The New Student's Reference Work/Walton, Izaak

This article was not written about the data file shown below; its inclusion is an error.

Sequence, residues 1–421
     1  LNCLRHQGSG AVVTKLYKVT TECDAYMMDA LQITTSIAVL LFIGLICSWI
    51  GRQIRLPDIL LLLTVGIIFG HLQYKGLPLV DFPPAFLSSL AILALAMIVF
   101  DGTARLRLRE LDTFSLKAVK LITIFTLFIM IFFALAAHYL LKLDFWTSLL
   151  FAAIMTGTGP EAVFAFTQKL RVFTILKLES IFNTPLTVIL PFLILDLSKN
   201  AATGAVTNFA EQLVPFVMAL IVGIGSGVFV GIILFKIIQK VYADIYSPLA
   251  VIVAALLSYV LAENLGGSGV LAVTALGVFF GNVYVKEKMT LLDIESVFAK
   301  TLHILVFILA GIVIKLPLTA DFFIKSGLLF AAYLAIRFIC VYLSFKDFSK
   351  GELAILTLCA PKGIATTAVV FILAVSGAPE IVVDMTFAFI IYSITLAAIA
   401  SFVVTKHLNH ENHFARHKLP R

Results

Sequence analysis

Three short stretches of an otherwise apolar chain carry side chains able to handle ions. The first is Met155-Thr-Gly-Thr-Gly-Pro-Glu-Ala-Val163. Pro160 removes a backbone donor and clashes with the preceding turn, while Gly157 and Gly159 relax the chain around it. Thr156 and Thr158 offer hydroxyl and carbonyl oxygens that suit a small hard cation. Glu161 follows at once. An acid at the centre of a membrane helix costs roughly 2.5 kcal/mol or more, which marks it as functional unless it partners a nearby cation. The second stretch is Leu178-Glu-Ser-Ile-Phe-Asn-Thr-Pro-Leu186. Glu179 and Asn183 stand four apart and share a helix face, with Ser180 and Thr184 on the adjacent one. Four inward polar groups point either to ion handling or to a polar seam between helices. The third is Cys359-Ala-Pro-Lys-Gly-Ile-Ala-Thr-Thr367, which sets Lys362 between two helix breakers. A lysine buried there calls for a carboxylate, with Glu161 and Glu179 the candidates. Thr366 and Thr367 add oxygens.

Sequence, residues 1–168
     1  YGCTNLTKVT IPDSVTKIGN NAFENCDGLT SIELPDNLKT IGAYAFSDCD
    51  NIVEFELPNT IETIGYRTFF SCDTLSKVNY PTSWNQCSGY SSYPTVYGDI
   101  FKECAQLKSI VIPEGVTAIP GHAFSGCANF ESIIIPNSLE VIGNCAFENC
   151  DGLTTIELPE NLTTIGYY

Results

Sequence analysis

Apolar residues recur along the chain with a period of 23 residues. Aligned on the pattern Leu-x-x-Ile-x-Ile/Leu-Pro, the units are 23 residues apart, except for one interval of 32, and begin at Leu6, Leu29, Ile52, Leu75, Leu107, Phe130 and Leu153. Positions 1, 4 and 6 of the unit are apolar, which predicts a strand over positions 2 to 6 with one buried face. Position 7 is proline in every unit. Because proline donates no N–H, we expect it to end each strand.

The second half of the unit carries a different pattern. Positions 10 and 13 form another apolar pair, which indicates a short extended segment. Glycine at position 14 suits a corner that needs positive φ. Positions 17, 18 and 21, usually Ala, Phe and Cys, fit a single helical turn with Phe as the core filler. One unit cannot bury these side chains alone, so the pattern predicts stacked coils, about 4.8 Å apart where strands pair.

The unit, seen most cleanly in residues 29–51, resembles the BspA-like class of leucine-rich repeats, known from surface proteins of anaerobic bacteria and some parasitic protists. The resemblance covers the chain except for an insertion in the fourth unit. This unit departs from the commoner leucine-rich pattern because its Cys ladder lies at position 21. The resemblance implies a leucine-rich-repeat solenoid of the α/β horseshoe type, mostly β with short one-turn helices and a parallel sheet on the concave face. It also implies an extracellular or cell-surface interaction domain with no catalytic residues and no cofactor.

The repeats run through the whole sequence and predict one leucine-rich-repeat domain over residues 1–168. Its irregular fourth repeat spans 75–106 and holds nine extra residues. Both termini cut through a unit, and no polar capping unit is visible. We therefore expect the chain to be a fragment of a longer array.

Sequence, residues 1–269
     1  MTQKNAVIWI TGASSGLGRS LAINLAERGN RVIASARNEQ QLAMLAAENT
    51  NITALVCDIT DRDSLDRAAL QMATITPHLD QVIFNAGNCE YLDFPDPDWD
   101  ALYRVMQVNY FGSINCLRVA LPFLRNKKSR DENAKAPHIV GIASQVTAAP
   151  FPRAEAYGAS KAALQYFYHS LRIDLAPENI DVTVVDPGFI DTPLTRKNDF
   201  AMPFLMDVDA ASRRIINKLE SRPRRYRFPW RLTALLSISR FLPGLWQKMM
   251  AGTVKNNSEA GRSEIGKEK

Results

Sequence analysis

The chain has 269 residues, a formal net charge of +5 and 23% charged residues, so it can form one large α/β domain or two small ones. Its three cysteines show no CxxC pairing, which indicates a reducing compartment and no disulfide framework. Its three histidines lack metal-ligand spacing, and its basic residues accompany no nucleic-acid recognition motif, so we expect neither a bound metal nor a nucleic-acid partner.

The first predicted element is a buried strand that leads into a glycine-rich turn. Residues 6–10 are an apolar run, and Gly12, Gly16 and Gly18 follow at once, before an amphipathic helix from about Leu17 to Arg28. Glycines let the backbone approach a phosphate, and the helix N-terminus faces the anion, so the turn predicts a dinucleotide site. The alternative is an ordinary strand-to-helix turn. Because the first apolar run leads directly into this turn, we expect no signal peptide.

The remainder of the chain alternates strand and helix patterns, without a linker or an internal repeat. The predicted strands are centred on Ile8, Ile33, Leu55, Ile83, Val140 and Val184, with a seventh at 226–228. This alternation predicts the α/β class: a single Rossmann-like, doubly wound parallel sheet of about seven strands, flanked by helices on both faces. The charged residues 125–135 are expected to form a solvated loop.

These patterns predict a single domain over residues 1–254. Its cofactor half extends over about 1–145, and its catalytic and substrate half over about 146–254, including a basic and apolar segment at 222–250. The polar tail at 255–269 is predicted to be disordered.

Walton (wa̤ltŭn), Izaak, a famous English author and "The Father of Angling," was born at Stafford, England, Aug. 9, 1593, and died at Winchester, England, Dec. 15, 1683. He was engaged in trade in London, as a linen-draper, between the years 1624 and 1644, and made a competence, upon which he retired and devoted himself to literary pursuits, and to angling, of which he became a renowned exponent. Besides his quaint and fascinating treatise on the rod—The Complete Angler or the Contemplative Man's Recreation (1653), he wrote a series of sketches of English divines, embraced in what is known, in their collective character, as Walton's Lives. These sketches dealt with Dr. John Donne, Richard Hooker ("the judicious Hooker"), George Herbert the poet and divine, Bishop Robert Sanderson and Sir Henry Wotten, the English diplomatist and author. Walton's Lives have deservedly found a place in the best literature and are sure of a long immortality. Considering the stormy era in which he lived, that of the great English Revolution (1642-60), waged by the Parliamentary army against Charles I and on to the Restoration, it is curious to note the serenity of mind and life of Master Izaak Walton.